Documentation forServ-U MFT & Serv-U FTP Server

Serv-U Server Details: IP Access

The IP Access tab shows the IP access rules set up for the server, domain, group or individual user, and allows you to add, import, edit, export and delete these rules.

Rules set at the server level are inherited by all domains, groups and user unless overridden.

IP access rules enable you to specify IP addresses, or ranges of IP addresses to which access is allowed or denied. These rules are applied as soon as a physical connection is established. Rules are applied in the order displayed. In this way, specific rules can be placed at the top to allow or deny access before a more general rule is applied later on in the list. Use the arrows on the right side of the list to change the position of an individual rule in the list.

Display the IP access list

  1. Navigate to Global > Server Details.
  2. Click the IP Access tab.

    The list of IP addresses set up at this level is displayed.

    Use the arrows on the right side of the list to change the position of an individual rule in the list.

    Check the Enable sort mode box to sort the IP access list numerically rather than in the processing order. Displaying the IP access list in sort mode does not change the order in which rules are processed. To view rule precedence, disable this option.

    Viewing the IP access list in numerical order can be useful when you review long lists of access rules to determine if an entry already exists.

Add an IP access rule

  1. From the IP tab, click Add.

    The IP Access Rule window is displayed.

  2. Enter the IP Address, name or mask using the following conventions.

    Value or wildcard


    xxxStands for an exact match, such as (IPv4), fe80:0:0:0:a450:9a2e:ff9d:a915 (IPv6, long form) or fe80::a450:9a2e:ff9d:a915 (IPv6, shorthand).
    xxx-xxxStands for a range of IP addresses, such as (IPv4), fe80:0:0:0:a450:9a2e:ff9d:a915-a9aa (IPv6, long form), or fe80::a450:9a2e:ff9d:a915-a9aa (IPv6, shorthand).
    *Stands for any valid IP address value, such as 192.0.2.*, which is analogous to, or fe80::a450:9a2e:ff9d:*, which is analogous to fe80::a450:9a2e:ff9d:0-ffff.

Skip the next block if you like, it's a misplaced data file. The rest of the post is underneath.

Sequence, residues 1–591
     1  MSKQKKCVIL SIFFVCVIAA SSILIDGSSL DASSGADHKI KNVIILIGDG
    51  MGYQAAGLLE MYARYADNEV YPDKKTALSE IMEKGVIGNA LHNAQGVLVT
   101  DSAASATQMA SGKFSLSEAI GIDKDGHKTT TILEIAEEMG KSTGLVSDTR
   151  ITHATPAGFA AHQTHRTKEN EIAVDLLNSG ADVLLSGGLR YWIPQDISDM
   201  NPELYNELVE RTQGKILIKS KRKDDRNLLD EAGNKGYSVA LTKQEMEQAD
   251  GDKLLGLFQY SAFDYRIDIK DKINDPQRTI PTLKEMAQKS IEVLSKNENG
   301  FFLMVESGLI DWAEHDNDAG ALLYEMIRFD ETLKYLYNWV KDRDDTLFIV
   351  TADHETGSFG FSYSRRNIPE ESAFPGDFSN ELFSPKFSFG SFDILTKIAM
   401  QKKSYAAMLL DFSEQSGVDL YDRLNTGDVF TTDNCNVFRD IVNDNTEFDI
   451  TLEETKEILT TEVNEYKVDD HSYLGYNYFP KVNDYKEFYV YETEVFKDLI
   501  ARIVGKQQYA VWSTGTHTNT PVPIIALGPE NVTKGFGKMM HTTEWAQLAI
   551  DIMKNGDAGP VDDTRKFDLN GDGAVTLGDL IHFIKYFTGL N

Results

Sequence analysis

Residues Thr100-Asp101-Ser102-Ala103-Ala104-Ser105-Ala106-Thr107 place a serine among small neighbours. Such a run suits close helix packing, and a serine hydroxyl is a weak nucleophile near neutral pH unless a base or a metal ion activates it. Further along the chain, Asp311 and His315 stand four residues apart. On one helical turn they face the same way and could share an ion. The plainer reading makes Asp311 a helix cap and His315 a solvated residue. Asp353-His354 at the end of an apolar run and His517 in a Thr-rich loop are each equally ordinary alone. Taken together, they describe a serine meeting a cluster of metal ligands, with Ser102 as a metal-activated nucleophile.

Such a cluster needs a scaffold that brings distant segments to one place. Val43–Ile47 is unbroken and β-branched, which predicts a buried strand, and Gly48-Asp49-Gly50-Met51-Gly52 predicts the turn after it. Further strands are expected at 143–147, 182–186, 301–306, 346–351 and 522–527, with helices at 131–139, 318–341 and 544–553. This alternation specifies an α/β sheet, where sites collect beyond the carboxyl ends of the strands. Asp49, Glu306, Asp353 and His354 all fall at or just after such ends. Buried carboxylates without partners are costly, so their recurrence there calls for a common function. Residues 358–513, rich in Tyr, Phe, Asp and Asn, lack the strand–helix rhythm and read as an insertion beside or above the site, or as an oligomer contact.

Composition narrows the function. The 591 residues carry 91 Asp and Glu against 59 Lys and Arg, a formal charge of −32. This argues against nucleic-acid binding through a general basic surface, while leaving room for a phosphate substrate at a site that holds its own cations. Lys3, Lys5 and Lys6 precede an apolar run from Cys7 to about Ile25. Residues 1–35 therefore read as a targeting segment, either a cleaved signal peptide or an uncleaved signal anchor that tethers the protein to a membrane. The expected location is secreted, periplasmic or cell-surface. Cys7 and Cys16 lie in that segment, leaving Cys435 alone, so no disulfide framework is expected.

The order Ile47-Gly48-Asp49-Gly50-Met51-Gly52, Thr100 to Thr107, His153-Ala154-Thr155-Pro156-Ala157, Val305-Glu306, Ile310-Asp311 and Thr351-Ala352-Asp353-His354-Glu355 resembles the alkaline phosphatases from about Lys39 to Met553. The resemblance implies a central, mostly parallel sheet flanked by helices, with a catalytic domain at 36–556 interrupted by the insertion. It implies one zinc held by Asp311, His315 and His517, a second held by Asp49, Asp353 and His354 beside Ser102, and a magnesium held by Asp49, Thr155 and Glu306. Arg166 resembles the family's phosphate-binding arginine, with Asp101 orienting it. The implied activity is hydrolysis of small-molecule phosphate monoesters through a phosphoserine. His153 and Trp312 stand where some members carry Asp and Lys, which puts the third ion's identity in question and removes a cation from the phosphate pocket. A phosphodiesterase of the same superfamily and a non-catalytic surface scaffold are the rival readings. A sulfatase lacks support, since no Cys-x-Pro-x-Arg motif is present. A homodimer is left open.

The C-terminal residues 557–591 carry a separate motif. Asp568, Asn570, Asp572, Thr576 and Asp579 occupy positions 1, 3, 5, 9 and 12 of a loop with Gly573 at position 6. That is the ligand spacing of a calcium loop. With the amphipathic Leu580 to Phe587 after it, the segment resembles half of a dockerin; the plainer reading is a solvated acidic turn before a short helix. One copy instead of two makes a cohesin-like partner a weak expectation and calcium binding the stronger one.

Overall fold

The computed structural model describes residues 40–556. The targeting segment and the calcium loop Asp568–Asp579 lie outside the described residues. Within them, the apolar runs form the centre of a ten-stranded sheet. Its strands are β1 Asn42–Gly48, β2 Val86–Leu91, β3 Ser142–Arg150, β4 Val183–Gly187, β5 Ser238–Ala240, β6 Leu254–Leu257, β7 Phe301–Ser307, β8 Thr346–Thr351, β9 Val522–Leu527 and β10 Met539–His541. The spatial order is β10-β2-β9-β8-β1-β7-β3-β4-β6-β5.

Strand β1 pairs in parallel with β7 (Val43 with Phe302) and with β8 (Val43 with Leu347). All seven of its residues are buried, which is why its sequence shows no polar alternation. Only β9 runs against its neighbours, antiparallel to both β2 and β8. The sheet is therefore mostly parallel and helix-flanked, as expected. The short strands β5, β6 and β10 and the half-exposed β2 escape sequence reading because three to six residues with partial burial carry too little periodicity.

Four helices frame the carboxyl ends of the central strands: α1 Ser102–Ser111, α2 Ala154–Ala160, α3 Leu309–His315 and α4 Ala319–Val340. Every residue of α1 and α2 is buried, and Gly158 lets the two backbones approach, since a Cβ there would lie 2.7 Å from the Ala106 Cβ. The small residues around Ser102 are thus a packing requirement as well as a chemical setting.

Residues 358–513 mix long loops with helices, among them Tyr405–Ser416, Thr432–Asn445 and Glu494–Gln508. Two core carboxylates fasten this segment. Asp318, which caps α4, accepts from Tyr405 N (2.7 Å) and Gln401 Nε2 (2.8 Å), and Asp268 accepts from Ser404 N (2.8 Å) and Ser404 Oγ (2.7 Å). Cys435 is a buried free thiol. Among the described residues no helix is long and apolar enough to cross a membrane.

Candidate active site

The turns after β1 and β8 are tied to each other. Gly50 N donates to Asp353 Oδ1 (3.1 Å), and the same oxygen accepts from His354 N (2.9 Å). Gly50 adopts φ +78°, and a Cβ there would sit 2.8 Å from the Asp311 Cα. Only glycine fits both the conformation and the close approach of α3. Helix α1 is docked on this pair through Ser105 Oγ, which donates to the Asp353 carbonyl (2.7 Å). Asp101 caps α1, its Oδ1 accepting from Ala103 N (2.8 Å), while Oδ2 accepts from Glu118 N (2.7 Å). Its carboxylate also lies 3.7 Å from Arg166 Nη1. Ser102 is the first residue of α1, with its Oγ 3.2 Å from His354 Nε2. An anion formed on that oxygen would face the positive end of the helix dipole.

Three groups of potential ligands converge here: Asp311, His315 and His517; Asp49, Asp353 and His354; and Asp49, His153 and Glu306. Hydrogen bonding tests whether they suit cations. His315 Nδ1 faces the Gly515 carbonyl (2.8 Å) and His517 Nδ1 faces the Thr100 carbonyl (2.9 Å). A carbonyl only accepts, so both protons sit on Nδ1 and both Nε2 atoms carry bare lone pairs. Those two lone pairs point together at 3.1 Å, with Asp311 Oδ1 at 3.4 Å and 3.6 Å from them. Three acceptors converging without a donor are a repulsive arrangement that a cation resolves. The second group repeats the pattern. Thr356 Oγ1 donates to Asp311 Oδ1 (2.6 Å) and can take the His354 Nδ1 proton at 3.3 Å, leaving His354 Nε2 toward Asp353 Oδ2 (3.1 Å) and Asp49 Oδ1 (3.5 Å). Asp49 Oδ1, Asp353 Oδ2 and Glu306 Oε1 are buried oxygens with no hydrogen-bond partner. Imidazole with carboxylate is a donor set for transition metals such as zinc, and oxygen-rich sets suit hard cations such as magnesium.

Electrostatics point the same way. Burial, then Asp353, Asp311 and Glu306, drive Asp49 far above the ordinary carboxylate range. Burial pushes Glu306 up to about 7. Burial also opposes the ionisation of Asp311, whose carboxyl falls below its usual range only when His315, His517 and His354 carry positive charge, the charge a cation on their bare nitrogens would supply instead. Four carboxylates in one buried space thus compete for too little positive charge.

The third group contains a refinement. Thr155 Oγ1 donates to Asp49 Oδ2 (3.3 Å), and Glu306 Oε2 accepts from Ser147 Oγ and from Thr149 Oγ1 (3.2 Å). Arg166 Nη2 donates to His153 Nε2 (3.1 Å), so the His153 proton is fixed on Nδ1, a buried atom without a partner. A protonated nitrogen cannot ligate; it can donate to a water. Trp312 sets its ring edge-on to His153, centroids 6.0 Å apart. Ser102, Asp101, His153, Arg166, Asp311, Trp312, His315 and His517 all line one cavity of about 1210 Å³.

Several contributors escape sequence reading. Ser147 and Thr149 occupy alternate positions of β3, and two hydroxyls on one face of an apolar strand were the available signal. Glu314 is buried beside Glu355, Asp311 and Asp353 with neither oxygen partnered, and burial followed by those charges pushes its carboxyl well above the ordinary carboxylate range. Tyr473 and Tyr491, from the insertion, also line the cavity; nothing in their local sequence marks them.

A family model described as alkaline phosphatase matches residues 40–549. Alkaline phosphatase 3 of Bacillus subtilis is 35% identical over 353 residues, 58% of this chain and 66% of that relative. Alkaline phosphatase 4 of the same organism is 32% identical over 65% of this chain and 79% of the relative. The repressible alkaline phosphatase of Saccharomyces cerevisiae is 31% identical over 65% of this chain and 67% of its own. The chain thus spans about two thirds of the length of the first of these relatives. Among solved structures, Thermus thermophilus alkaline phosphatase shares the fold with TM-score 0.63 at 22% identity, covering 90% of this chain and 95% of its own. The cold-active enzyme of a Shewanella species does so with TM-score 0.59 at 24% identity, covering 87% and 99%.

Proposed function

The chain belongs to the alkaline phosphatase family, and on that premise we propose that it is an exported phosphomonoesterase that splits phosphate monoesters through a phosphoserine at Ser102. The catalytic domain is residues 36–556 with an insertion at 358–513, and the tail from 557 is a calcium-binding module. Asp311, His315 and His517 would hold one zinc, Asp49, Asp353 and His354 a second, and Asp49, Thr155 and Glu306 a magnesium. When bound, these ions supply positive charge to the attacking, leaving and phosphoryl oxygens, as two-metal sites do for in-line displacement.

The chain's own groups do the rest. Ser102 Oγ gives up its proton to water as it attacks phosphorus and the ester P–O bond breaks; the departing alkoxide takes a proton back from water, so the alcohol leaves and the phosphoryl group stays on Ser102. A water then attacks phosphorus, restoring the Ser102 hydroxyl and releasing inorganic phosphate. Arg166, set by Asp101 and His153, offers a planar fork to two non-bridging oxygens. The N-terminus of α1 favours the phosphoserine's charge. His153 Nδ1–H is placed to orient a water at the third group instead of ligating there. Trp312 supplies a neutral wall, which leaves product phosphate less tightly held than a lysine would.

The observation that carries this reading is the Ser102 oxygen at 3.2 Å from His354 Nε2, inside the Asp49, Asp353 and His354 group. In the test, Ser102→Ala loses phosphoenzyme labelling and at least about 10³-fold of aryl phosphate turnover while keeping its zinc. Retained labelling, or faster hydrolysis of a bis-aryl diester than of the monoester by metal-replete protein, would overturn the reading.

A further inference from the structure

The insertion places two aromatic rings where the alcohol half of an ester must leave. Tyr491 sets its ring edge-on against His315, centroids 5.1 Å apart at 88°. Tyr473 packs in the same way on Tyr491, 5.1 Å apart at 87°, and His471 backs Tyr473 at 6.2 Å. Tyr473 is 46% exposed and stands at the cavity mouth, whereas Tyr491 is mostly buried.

Stands for any valid character when specifying a reverse DNS name, such as server?


    Specifies the use of CIDR notation to specify which IP addresses should be allowed or blocked. Common CIDR blocks are /8 (for 1.*.*.*), /16 (for 1.2.*.*) and /24 (for 1.2.3.*). CIDR notation also works with IPv6 addresses, such as 2001:db8::/32.

  3. Enter a description.
  4. Select Allow or Deny access.
  5. Click Save.

Edit an IP access rule

  1. From the IP tab, click Edit.
  2. Amend the rule information as required..
  3. Click Save.

Delete an IP access rule

  1. From the IP tab, select the IP rule or rules to delete.
  2. Click Delete and confirm.

Import and export global IP address rules

You can speed up the creation of IP address rules by creating a text file of addresses, descriptions and access permissions.

  1. Create a text file using Notepad or similar text editor.
  2. On the first line enter "IP","Description","Allow".
  3. Enter the details of each IP access rule:
    IPThe IP address, IP range, CIDR block, or domain name for which the rule applies.

    A text description of the rule for reference purposes.

    AllowSet this value to 0 for Deny, or 1 for Allow.

    For example:

    "", "Flange Software", "1"
    "172.16.0.*", "Do not allow","0"
    "2001:db8::/32", "New test site", "1"

  4. From the IP tab, click Import.
  5. Navigate to the file you created, and click Select.

Similarly, the list of existing IP address rules can be exported to a text file by clicking Export.

For examples of IP address rules and IP address caveats see Examples of IP address rules and caveats.